With the turnaround in growth at LVIA, the authority turned its attention to improving Braden, beginning with an active marketing campaign to attract development. In early 2016 the authority opened up 44 acres to new development and sent a mailing to all aviation-related businesses within 100 miles of Braden. The old terminal was demolished and a modular structure was put in place to serve as a temporary terminal until the new one is built. Money was also spent on renovating hangars, floors, and roofs.

In June 2017 the Pennsylvania Department of Transportation awarded a grant of $320,000 to design and build a new terminal, and this was followed by a grant of $250,o00 from Northampton County Department of Economic Development to invest in capital improvements to attract new business.

Which brings us to 2018.

In June, the LNAA approved a lease agreement with Atlantic Airmotive to provide aircraft maintenance services, which had been missing from Braden for six years and had contributed to the decline in tenant-based aircraft. The authority also signed a lease in May with ProFlight Aero Services to provide flight instruction. ProFlight owner Nouman Saleem said he had always wanted to do something in aviation, and his success in the hospitality industry has permitted him to do so.

Saleem owns hotels around the U.S., including a Holiday Inn Express in Allentown, and he is a commercial, multi-engine certificated pilot himself. ProFlight already has three instructors and nine student pilots. Rounding out the new businesses at Braden is SpiritWings Aviation, who shares space with ProFlight in Hangar 2. SpiritWings will provide aircraft maintenance services, parts, and sales for aircraft up to light twins, and Saleem indicated they will provide maintenance for ProFlight’s aircraft.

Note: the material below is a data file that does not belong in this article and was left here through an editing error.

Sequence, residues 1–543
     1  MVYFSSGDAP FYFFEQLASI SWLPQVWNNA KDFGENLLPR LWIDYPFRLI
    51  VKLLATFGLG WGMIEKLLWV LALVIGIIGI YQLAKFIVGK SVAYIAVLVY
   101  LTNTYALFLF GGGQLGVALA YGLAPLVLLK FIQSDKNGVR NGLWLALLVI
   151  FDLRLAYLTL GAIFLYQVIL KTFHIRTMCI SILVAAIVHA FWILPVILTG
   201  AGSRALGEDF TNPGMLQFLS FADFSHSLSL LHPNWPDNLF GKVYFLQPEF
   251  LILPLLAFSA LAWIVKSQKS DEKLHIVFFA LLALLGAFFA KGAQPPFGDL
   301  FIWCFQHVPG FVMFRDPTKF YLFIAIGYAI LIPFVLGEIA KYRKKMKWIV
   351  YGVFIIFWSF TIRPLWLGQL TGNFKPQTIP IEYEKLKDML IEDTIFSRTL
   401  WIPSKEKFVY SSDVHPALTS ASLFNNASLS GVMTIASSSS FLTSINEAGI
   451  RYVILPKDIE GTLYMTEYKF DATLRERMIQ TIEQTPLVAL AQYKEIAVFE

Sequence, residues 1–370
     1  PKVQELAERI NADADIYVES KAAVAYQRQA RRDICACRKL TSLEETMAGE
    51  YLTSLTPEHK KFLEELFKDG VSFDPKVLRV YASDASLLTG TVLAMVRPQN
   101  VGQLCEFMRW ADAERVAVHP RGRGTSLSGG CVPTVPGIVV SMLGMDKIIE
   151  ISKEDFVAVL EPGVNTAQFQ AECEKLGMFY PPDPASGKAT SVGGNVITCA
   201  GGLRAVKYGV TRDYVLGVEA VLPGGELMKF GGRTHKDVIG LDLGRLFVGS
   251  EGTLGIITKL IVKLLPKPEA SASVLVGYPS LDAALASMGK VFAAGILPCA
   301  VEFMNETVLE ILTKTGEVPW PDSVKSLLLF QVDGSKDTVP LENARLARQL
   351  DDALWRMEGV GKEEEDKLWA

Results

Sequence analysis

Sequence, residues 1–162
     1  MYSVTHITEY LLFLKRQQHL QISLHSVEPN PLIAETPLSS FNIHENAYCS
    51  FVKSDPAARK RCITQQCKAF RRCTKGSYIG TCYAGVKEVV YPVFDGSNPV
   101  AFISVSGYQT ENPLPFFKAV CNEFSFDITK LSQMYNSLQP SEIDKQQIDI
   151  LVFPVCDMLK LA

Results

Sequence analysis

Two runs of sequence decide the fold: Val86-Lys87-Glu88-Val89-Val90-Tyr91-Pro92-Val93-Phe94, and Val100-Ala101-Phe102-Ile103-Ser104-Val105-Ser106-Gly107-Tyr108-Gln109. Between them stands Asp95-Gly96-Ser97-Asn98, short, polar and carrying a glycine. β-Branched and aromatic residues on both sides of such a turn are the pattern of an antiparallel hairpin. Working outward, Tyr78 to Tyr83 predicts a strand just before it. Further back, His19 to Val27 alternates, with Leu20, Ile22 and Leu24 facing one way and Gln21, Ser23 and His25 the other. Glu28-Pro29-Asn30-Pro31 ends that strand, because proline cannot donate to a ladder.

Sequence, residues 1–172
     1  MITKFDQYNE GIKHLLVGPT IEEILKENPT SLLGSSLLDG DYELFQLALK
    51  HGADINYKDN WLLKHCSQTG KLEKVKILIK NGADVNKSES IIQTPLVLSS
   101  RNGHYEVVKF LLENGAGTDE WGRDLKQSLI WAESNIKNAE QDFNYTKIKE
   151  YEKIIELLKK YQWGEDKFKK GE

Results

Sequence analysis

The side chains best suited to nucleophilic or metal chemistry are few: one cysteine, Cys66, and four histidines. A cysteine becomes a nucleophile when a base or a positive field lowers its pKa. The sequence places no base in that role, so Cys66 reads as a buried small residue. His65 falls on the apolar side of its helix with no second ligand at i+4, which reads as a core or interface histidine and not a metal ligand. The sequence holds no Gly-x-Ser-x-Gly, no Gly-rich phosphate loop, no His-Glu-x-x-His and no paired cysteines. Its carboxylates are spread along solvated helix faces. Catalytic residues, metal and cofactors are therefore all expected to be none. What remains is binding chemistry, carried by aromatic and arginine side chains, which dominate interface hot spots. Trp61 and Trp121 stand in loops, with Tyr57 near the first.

Officials recently celebrated the grand opening of the two latest businesses earlier today, seen in the photo at the top of the article.

Despite acknowledging a need to rebuild the tenant base and let pilots know that Braden is back for good, airport and county officials and local pilots are very happy and excited about the turnaround at Braden. LNAA Director of Business Development, Darren Betters said, “Braden is back on the map and will stay on the map.”

We couldn’t agree more.

 

Mike Straka, PhD
HN Contributing Author & Technical Support
Past Chairman, Colorado Aviation Business Association

Sources:
1. Pennsylvania Airpark Wins Reprieve From Closure. Mike Straka. HangarNetwork eNewsletter, May 2014. https://www.hangarnetwork.com/newsdisplay/1117322343756

2. Follow-up on Braden Airpark and Queen City Airport. Mike Straka. HangarNetwork blog, July 9, 2015. https://www.hangarnetwork.com/blog/?p=244

3. Authority hopes campaign to boost business at Braden Airpark pays off. Brian Pederson. Lehigh Valley Business website, February 12, 2018. http://www.lvb.com/article/20180212/lvb01/180219985/authority-hopes-campaign-to-boost-business-at-braden-airpark-pays-off

4. Airport authority continues investment in Braden Airpark. Edward Sieger. 69News website, June 26, 2018. http://www.wfmz.com/news/lehigh-valley/airport-authority-continues-investment-in-braden-airpark/759165576

5. Officials say two new businesses will bring resurgence at Braden Airpark. Brian Pederson. Lehigh Valley Business website, September 20,2018. http://www.lvb.com/article/20180920/LVB01/180929989/officials-say-two-new-businesses-will-bring-resurgence-at-braden-airpark